layers: [
{
	name: "targetModule.js",
	targetStylesheet: "someStylesheet.js",
	...

When the build runs, any CSS dependencies that are encountered in modules will then be added to someStylesheet.js, rather than inlined in the JavaScript build layer.

AMD Plugin Loader

You can also use Xstyle as a CSS loader plugin for AMD loaders like Dojo and RequireJS. To use the CSS loader, use the AMD plugin syntax, with xstyle/css as the plugin loader and the path to the stylesheet afterwards:

require(['xstyle/css!path/to/stylesheet.css'], function(){
	// after after css is loaded
});

Note, that simply using the plugin loader will not load xstyle, and trigger parsing of the stylesheet, so you will not be able to use the extensions, unless you have specifically included the xstyle module as well.

This functionality is implemented and has been well tested.

Import Fixing

Another feature Xstyle provides is reliable @import behavior. Internet Explorer is not capable of loading multiples levels deep @imports. Xstyle provides @import "flattening" to fix this IE deficiency.

Xstyle also normalizes @import once behavior. If two stylesheets both @import the same sheetsheet, Xstyle ensures that the @import'ed stylesheet is only imported once (by the first stylesheet) and the second @import is removed. This is a powerful feature because it allows stylesheets to @import another stylesheet without worrying about overriding another stylesheet that expected to come after the target sheet due to it's @import statement.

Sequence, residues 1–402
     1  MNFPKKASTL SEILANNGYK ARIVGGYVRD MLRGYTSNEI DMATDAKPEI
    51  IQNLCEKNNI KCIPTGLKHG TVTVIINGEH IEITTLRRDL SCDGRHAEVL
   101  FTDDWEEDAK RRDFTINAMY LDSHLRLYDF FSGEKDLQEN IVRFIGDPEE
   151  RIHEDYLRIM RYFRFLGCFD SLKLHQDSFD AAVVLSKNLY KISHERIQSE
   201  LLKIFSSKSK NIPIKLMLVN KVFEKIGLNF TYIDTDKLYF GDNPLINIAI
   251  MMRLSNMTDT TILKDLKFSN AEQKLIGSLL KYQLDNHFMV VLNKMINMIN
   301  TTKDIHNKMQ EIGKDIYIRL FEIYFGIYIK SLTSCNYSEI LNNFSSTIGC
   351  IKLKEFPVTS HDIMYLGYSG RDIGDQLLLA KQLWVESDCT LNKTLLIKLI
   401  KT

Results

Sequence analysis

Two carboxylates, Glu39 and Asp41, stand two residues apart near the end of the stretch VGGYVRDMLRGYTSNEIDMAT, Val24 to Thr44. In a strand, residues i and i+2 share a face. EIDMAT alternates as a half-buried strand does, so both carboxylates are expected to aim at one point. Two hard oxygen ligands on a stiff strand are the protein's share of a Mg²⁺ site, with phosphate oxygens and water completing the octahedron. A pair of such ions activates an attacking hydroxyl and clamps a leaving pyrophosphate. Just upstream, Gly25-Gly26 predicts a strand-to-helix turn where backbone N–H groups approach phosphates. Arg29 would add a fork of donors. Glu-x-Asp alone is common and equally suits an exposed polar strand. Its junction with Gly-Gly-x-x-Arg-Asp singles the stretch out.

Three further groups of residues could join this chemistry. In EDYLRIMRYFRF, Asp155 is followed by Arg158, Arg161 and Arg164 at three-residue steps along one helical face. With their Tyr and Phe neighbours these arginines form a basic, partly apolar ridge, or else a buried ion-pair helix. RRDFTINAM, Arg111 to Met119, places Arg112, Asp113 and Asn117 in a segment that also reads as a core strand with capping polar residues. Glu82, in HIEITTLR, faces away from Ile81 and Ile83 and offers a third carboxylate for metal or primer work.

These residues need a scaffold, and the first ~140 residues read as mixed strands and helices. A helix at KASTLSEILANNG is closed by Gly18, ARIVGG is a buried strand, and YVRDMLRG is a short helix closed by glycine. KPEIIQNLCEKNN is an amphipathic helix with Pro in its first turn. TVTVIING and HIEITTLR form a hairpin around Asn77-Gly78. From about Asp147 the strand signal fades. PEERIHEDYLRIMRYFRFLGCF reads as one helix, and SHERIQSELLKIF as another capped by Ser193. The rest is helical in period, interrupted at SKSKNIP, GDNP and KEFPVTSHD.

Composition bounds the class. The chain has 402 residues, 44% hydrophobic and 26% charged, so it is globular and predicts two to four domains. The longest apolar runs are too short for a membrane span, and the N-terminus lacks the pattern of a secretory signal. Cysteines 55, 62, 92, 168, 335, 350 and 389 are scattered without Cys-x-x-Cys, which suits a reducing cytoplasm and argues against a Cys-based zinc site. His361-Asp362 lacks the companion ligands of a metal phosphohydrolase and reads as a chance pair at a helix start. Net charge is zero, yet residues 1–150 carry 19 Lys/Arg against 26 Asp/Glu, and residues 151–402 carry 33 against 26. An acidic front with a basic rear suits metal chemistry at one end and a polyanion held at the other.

has-class

The has-class module provides decoration of the root <html> element with class names based on feature detection. The has-class module works in conjunction with the has() module in Dojo (dojo/has) to detect features, and adds a class name for matches with a "has-" prefix. For example, if we wanted to create a CSS rule that was conditional on the detection of the "quirks" feature, first we would need to register this feature detection with the has-class module:

define(['xstyle/has-class'], function(hasClass){
	hasClass("quirks");
}); 

And then we could create a rule that uses this conditional class name:

html.has-quirks .row {
	/* rule only applied if in quirks mode */
	height: auto;
}

We can also base rules on the absence of a feature. In converse, we could create a rule for when quirks mode is not present:

hasClass("no-quirks");

And then use this in the selector:

html.has-no-quirks .row {
	/* rule only applied if in quirks mode */
	width: auto;
}

We can also base rules on a numerical feature values. We could create a rule that just matches IE7 with:

hasClass("ie-7");

Or version IE8 through IE10:

hasClass("ie-8-10");